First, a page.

With its buildup of its durable housing stock but low demand to live there, home prices are low.   For example,  Here is a house for sale for  $119,000.




187 Victoria Dr,Utica, NY 13501  3 beds,  2 baths1,144 sqft
That works out to $104 a foot which is 90% cheaper than housing near UCLA. These low home prices have attracted new immigrants to live in Utica. I have read in the NY Times that Bosnians have formed a cluster there. As climate change warms up cold upstate New York Winters and if Amtrak increases its speeds to New York City, then this whole area could enjoy a renaissance.    Real estate investors should be thinking through what might be future "hot areas" to live where quality of life will be relatively high.  

Saturday, November 15, 2014

Is Keystone a Bad Investment for TransCanada if China Decarbonizes?

Joe Romm unintentionally poses an interesting question here .   He focuses on the carbon production implications of the Keystone Pipeline.  He is right to raise the old issue that if the oil in the Canada tar sands stays in the ground then this will reduce global GHG emissions.   But, we knew that.   A more interesting question is to ask;  "given that a pipeline is an irreversible investment of 7 billion dollars, will the investors regret this investment if a global carbon treaty is enacted next year?"

Who bears the incidence of carbon taxes?      Is it the buyer of fossil fuel or the sellers of fossil fuels?  Does the expectation of an international deal shift fossil fuel infrastructure investment patterns?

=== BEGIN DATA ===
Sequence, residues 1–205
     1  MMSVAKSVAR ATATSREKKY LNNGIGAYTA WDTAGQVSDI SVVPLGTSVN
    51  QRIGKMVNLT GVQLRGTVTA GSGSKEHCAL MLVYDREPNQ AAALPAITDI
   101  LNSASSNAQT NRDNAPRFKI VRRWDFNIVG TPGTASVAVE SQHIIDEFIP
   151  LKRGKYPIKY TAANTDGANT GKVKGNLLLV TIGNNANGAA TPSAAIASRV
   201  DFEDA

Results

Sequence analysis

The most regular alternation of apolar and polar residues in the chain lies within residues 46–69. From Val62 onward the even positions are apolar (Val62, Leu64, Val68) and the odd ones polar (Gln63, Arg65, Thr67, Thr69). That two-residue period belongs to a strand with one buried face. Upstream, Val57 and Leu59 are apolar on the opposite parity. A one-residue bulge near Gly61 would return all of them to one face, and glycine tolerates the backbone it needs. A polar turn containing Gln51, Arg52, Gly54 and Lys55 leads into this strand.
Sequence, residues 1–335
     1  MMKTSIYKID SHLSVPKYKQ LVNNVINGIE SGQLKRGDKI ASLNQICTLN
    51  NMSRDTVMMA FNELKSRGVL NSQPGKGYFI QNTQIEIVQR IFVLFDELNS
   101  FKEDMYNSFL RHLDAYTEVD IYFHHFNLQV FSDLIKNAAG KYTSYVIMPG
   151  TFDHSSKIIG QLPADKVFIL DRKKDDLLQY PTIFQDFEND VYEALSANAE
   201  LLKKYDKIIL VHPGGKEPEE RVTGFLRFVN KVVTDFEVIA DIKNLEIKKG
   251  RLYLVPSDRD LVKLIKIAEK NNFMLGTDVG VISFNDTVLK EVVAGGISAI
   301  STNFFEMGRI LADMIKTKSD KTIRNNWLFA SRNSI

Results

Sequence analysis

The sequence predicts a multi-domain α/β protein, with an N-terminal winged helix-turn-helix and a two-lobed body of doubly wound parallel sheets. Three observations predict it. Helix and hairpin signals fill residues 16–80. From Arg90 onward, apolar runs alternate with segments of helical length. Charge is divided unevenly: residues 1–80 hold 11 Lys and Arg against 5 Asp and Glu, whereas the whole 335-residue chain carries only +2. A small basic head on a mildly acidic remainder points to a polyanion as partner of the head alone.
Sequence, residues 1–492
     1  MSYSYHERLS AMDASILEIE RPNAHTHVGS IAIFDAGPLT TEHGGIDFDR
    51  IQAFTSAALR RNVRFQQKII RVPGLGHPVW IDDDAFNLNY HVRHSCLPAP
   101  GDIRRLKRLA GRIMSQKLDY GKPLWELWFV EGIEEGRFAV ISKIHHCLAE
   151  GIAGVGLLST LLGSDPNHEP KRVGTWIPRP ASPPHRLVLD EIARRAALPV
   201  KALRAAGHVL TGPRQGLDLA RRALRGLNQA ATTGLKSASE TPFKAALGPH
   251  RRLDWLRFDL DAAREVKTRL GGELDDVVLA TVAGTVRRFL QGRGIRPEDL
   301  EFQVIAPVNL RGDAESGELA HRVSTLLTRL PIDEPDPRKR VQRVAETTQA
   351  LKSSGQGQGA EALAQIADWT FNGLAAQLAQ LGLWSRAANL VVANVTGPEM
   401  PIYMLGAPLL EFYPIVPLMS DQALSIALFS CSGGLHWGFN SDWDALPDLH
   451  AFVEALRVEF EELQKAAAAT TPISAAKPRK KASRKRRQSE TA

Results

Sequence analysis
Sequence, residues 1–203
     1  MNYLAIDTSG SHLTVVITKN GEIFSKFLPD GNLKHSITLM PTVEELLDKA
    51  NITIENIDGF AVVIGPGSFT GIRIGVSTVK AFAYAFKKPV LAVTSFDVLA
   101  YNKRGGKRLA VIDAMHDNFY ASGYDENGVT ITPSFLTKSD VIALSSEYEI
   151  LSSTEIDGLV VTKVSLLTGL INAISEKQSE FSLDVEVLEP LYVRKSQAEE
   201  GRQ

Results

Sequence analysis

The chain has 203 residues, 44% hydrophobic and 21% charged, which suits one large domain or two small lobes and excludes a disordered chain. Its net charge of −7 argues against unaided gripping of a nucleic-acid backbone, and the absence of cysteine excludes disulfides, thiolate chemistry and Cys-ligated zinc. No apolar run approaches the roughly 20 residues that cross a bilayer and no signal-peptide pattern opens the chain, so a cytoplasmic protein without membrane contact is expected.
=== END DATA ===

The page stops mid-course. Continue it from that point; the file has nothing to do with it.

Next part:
In the medium term, I would expect that the demanders of fossil fuels (so car drivers and electric power consumers) will pay higher prices.

While Al Gore argued that a carbon tax will quickly mean that companies such as Exxon have billions of dollars of stranded assets, in reality such taxes will only slowly rise and if fossil fuel sellers anticipate that carbon taxes will continue to rise in the future then this tax on their future revenue will provide them with an incentive to sell their oil now.  In this case, the tax pattern actually accelerates the short term GHG emissions as the fossil fuel companies "cash out". In general equilibrium such actions will lower global fossil fuel prices and will reduce the diffusion of electric cars in the short run.

Will the fossil fuels say in the ground?  In a world of 7 billion people where each of them would like to have the same energy consumption as the typical American, I doubt it.

What if China is serious about decarbonizing? Doesn't that mean that there will be less demand for Keystone oil?  Oil is sold on a world market and China is 15% of world GNP.  There are many other "thirsty" nations looking to motorize.